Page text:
The Republican Party of Minnesota has called in the lawyers to remove a local party official who refuses to step down from his post.
Edwin Hahn, a Moorhead resident who was elected as chair of the Clay County GOP in 2021, was removed last year by the executive committee of the county party. But he refused to step down, instead convening an alternate group that declared him the chair.
For the past year, Hahn has continued to unlawfully represent himself as the official county chair, according to state party leaders. He has sent out statements and news releases on party letterhead, they say, and convened meetings with his alternative executive committee.
Now the state GOP has filed a lawsuit in Clay County District Court charging Hahn with fraudulent misrepresentation and seeking to put an end to his reign.
"Hahn has acted in a dangerous, erratic and illegal manner, including threatening party leaders, interfering with legal contracts and refusing to return party property," Minnesota GOP Chair David Hann said in a statement. "While it is unfortunate that his behavior has led us to initiate legal action, we hope Edwin Hahn will cease his unlawful behavior and be held accountable."
Hahn did not respond to requests for comment.
According to court documents, state and county party leaders were alarmed by Hahn's actions and statements after he took office as Clay County chair.
Hahn "made a scene" while being removed from a state Supreme Court redistricting panel, according to a legal filing. He violated the party's platform by calling for the Clay County GOP to separate from the state party and tried to "enforce nonpolitical beliefs" on county party members.
The state party alleges that Hahn tried to get other county leaders to sign a pledge agreeing with "overtly religious sentiments." Hahn's proposed pledge stated that the GOP is engaged in spiritual warfare on behalf of Jesus Christ, the Fargo Forum reported. He also recruited a Christian speaker for a caucus meeting who repeated the call for political action on behalf of Jesus, a court filing says.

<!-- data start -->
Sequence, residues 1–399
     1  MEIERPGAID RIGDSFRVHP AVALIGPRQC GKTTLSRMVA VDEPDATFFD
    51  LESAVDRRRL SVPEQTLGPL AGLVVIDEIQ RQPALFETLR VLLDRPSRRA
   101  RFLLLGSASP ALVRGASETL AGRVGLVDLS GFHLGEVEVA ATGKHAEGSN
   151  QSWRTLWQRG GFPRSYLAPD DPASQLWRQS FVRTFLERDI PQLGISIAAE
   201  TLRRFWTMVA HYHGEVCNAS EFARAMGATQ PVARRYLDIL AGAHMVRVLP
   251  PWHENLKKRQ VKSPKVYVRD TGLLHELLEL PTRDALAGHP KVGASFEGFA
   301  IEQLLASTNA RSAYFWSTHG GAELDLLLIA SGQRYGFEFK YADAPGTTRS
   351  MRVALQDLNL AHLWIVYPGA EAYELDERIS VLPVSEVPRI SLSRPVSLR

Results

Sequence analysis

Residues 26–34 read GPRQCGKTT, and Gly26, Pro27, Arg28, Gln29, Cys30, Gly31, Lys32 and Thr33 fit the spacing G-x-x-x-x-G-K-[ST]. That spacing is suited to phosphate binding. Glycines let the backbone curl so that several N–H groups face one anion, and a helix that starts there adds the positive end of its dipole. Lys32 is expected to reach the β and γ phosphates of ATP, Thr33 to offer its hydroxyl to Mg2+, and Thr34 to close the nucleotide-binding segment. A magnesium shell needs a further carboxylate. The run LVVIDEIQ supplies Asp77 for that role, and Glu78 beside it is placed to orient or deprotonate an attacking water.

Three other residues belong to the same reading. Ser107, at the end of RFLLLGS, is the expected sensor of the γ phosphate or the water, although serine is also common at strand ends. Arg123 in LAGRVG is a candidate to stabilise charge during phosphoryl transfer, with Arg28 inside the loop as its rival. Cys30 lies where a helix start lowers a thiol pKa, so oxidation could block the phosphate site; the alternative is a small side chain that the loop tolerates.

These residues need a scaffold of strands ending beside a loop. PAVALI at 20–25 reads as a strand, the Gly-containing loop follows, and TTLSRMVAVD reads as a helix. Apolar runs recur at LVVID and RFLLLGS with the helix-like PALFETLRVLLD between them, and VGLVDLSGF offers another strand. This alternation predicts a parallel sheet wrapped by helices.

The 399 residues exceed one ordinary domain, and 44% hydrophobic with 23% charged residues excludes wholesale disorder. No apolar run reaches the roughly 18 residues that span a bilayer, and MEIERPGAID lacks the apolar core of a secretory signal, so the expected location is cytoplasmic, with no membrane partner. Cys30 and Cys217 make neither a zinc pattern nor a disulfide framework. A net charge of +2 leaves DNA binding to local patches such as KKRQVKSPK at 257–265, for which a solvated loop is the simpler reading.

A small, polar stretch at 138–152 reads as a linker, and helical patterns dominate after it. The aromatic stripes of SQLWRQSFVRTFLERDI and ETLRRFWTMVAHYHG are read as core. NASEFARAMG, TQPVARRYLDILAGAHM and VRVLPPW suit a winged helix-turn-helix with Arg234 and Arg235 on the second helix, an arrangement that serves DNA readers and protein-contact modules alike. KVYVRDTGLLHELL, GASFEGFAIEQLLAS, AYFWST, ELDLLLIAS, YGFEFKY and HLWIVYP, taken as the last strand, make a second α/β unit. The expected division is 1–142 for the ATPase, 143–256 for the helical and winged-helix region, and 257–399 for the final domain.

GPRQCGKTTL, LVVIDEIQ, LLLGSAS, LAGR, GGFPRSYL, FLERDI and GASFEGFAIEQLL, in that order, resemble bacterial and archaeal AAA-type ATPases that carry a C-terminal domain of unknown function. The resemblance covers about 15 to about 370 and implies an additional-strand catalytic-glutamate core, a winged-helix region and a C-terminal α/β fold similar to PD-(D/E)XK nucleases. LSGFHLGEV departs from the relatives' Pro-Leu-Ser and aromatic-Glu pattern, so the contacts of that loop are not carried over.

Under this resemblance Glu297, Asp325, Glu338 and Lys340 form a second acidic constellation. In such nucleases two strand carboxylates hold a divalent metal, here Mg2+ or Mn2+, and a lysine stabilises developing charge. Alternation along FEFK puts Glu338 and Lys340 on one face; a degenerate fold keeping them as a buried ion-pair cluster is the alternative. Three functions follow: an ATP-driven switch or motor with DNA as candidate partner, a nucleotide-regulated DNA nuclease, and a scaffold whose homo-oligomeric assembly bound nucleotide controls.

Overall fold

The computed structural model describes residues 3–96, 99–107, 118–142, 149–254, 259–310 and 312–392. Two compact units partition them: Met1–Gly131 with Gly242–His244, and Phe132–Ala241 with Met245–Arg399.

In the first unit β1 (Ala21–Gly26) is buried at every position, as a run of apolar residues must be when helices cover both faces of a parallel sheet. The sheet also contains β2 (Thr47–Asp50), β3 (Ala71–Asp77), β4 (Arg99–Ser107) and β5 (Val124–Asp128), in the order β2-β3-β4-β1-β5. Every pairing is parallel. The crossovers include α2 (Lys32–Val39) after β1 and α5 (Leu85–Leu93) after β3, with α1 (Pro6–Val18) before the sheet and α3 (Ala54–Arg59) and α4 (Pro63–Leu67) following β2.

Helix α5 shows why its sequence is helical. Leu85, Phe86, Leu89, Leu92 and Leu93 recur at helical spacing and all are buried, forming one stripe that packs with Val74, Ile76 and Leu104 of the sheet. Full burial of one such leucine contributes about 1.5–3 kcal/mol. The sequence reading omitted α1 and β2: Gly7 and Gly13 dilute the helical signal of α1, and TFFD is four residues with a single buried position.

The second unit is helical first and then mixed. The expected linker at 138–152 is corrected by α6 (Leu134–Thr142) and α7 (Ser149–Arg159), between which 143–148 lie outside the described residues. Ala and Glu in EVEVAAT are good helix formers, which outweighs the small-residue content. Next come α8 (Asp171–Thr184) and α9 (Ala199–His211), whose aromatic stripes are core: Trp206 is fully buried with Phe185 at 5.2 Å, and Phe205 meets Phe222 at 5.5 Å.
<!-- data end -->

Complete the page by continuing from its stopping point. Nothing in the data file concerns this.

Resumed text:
The state GOP also alleges that Hahn made inflammatory statements on social media, and bullied and intimidated party members, delegates and officials.
In a court filing, Hahn declared that he is still the rightful head of the Clay County GOP.
"I have continued to lead the Clay County Republicans despite the relentless and slanderous attacks by [party officials], both publicly and privately," Hahn wrote. "The people behind this charade were motivated by their need to reclaim power lost when the people at the Clay County ... meeting elected me, Edwin Hahn, to become Chair ... instead of their choice, the previous Chair."
The dispute has split the area party. Last year, Hahn led a county convention attended by several dozen supporters. Meanwhile, the officially recognized county organization canceled its own scheduled convention because of concerns over Hahn's behavior, according to a statement sent to statewide party political directors and reported by political analyst Michael Brodkorb.
In a court filing, the state GOP also charged Hahn with unauthorized possession of party property, saying he has kept and used such items as pins, flyers, promotional materials and flags. He also has retained party information such as documents, delegate lists and contact information, the state party claims.
In addition, Hahn has interfered in the party's contractual arrangements, the lawsuit charges. It claims Hahn represented himself as the party chair to book a venue for a party event, interfering with a previously scheduled event by the state-recognized Clay County organization.
In a legal filing, Hahn denied these and other allegations in the lawsuit. No trial date has yet been set in the case.